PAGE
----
As agricultural land and forests occupy more than 60% of terrestrial surface, and fishery activities can be found on virtually any water body, agriculture, forestry and fisheries are major contributors to the ecological footprint of humanity. For example, 31% of global greenhouse gas emissions have been attributed to agriculture and forestry (IPCC, 2007). Agriculture alone accounts for 70% of global freshwater withdrawals (FAO, 2011). On the other hand, farming, animal husbandry, forestry and fisheries produce the food and renewable materials basis of humanity’s existence and provide liveli-hoods to more than 2.6 billion people (FAOSTAT, 2011), including many of the world’s poor. One approach to tackle the risk of the human economy’s overstraining the capacities of Earth’s eco-systems is the concept of a “Green Economy”5 that respects planetary boundaries and adopts eco-efficiency as a guiding principle. This concept brings about major challenges in relation with freedom and distributional equity (UNDP, 2011). The translation of the green economy concept for the food and agriculture sector is reflected through the GEA concept that recognises the need to take an eco-system- and rights-based approach to development, according to specific country circumstances (FAO, 2012a). The challenge of delivering sustainability lies in an effective integration of the envi-ronmental, economic and social dimensions of development. This can be only achieved through good governance. Need for a common language Recent years have seen the development of frameworks, initiatives, standards and indicators for assessing and improving the environmental and social impacts of human activities. More than one hundred countries have established national strategies for sustainable development, as well as sets of sustainability targets and indicators (UN, 2007). Thousands of companies have adopted concepts such as corporate social responsibility, creating shared value, responsible supply chain management and the triple bottom line6. These concepts are put into practice through internal management, B2B and B2C communication. Systems for independent, third-party verification, certification and accredi-tation have been put in place.Of the many verification systems, tools, databases and other approaches for measuring, communi-cating and improving sustainability, environmental impact or social impact, respectively, few cover the whole value chain and all dimensions of sustainability at the same time (Appendix A). In the de-velopment and application of sustainability systems and frameworks, SME and stakeholders from developing and emerging countries are less represented than large companies and stakeholders from industrialised countries, in spite of many systems’ building on transparent, participative mechanisms. Despite the valuable efforts for making sustainability assessments in the food and agriculture sector accurate and easy to manage, no internationally accepted benchmark unambiguously defines what sustainable food production entails. There also is no widely accepted definition of the minimum re-quirements that would allow a company to qualify as sustainable.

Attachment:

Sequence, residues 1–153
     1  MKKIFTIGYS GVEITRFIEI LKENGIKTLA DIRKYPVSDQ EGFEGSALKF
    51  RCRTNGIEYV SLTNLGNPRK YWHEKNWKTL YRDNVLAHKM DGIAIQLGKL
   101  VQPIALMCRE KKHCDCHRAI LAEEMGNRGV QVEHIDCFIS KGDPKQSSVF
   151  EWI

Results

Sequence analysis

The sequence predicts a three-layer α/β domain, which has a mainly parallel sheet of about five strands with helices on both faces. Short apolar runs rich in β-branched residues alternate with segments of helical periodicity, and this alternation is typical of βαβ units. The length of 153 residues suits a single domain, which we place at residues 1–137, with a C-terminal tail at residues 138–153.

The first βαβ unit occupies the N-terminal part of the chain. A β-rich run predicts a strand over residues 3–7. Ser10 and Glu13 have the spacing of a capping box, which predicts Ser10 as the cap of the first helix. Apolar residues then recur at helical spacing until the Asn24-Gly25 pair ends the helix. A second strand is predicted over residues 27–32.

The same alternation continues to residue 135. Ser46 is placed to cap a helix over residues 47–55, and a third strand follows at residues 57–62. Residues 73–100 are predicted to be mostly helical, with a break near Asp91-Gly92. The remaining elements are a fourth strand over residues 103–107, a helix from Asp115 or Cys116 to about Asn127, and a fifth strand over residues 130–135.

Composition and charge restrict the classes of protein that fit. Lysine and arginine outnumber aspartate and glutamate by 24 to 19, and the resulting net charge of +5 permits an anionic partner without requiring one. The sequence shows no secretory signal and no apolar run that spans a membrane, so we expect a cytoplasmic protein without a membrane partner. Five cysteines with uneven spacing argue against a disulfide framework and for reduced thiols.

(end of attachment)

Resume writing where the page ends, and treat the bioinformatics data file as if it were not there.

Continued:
FAO and the SAFA Guidelines.In order to offer a fair playing field, FAO has built on existing efforts and developed the present Guidelines for Sustainability Assessment of Food and Agriculture systems (SAFA) as part of its efforts for the 2012 United Nations Conference on Sustainable Development (UNCSD). In line with the FAO mandate, the vision of the SAFA Guidelines is to contribute to a sustainable development of the food and agriculture sector. This shall be achieved by enhancing the measurability of sustainability per-formance and the accessibility and transparency of sustainability measurements. The SAFA Guide-lines provide a benchmark that defines what sustainable production is, and a template for agriculture and food sustainability assessment, for the use by primary producers, food manufacturers and retail-ers who wish to substantiate sustainability claims. Existing sustainability indicator systems and as-sessment tools can be related to the content of the SAFA Guidelines.
|Keywords:||Sustainability, Sustanable Agriculture, Nachhaltigkeit, Nachhaltigkeistanalyse|
|Subjects:|| Values, standards and certification|
Food systems > Produce chain management
|Research affiliation:||International Organizations > Food and Agriculture Organisation FAO|
|Deposited By:||Schader, Dr. Christian|
|Deposited On:||01 Nov 2012 08:12|
|Last Modified:||08 Nov 2012 12:24|